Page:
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Diversifying Outside of the Box

Jason Kephart, CFA

Jason Kephart: Hi, I'm Jason Kephart, an alternative analyst at Morningstar, and I'm joined today with John Ameriks, head of the quantitative equity group at Vanguard. Vanguard Market Neutral (VMNIX), which that team runs, was named Morningstar's Alternative Fund Manager of the Year for 2016.

Thanks for joining us, John.

John Ameriks: Thank you very much. It's great to be here, and it's a real pleasure to have won the award this year.

Kephart: I think the first thing that people think of with Vanguard is probably anything but alternative.

Ameriks: I think you are right--it is a little bit unusual. I don't think, these days, we're quite as well known for the long history that the organization has managing active funds. And certainly, the idea of alternatives is a little something different, I think, in most minds.

Kephart: So, what does Vanguard see as the benefit of having an alternative investment like the Market Neutral Fund?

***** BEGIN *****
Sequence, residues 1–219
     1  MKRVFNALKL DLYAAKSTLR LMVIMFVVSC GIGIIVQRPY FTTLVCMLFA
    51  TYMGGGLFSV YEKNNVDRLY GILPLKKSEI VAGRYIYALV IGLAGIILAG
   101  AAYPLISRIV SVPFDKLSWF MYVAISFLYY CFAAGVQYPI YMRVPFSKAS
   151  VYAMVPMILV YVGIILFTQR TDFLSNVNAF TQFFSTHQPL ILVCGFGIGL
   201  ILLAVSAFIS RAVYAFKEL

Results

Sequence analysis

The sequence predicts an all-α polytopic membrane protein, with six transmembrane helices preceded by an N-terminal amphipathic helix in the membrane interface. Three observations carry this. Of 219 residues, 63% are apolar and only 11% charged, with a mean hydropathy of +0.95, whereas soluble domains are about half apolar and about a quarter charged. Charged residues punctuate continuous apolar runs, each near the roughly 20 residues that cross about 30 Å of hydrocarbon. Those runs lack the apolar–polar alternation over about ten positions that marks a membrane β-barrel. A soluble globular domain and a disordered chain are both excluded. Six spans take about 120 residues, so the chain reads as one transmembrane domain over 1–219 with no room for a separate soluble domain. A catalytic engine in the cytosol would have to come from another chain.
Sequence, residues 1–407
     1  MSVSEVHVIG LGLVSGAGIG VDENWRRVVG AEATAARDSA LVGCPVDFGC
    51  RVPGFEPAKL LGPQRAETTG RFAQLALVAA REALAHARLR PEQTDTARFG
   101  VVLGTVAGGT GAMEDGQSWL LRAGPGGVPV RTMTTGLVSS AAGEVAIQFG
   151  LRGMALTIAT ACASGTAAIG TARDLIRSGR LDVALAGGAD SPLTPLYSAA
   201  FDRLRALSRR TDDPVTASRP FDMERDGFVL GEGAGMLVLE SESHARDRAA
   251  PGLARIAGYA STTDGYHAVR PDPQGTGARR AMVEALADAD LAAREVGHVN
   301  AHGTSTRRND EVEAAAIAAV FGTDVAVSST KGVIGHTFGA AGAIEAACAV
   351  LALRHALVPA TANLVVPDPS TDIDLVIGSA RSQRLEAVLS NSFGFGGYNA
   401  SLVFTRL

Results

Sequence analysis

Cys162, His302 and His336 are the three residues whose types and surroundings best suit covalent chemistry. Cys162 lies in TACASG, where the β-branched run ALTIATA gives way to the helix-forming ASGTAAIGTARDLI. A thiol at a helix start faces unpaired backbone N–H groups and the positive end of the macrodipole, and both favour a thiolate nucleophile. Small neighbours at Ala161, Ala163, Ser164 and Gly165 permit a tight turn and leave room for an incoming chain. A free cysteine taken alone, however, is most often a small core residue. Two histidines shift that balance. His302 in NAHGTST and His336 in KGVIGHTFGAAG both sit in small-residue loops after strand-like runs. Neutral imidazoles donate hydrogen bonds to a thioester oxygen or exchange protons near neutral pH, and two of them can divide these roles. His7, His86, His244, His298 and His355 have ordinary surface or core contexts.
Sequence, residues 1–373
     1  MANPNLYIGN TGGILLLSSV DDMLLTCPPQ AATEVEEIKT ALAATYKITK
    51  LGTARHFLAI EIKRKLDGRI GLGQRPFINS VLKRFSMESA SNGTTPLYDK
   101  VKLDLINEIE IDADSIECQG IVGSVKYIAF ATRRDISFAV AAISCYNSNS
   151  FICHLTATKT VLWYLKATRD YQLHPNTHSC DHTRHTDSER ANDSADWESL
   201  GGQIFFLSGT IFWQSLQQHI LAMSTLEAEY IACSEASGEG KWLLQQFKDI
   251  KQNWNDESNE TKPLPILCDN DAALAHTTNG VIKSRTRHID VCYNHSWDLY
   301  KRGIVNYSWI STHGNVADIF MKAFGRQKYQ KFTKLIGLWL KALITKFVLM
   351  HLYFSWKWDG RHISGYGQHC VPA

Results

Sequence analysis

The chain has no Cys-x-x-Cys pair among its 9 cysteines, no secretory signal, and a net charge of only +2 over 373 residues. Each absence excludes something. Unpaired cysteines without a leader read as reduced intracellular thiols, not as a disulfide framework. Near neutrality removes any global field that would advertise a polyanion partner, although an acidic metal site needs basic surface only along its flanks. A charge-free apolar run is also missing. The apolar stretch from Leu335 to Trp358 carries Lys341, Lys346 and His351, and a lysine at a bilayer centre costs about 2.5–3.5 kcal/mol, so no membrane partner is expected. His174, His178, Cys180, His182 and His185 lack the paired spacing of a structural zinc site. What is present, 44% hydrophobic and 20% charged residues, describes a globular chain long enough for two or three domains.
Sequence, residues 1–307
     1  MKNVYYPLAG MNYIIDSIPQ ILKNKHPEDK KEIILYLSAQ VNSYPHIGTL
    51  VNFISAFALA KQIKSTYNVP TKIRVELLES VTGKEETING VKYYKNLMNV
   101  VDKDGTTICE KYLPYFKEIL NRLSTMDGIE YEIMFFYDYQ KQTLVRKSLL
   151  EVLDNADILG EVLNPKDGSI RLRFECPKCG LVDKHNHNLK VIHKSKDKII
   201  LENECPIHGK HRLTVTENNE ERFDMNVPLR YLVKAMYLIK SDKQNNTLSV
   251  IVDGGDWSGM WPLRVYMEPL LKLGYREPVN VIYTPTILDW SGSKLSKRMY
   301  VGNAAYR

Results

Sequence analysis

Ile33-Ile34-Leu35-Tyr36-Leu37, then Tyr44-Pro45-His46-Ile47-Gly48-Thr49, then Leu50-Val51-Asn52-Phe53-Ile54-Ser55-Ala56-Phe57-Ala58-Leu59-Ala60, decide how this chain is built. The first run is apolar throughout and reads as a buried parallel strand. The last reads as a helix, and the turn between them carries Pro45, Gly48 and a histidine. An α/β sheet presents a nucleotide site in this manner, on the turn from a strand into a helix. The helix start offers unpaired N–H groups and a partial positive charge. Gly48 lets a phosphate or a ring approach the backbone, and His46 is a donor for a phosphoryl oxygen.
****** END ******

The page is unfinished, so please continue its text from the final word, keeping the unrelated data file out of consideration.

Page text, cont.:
Ameriks: Well, as you know, we start with active management, and I'll repeat the fact that the founding principle behind The Vanguard Group, again, is focused on low cost. Our view is that, by lowering costs, we can help investors achieve their investment goals better--whether those are tracking the market or whether they are beating the market, in terms of attempting to meet an active goal.

The Market Neutral Fund takes our active process and strips away the benchmark. It really does give someone the cleanest exposure that they can get to the process that we use to choose stocks that we think are going to be better bets against those that are going to be worse bets.

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Kephart: Market-neutral funds, I've found, are some of the most misunderstood funds in the alternative world. People don't really know how to benchmark them or how to use them or even what they are really trying to accomplish. So, maybe in that vein, could you give us a little bit of background on what the goal of the fund is and what you guys do to achieve it?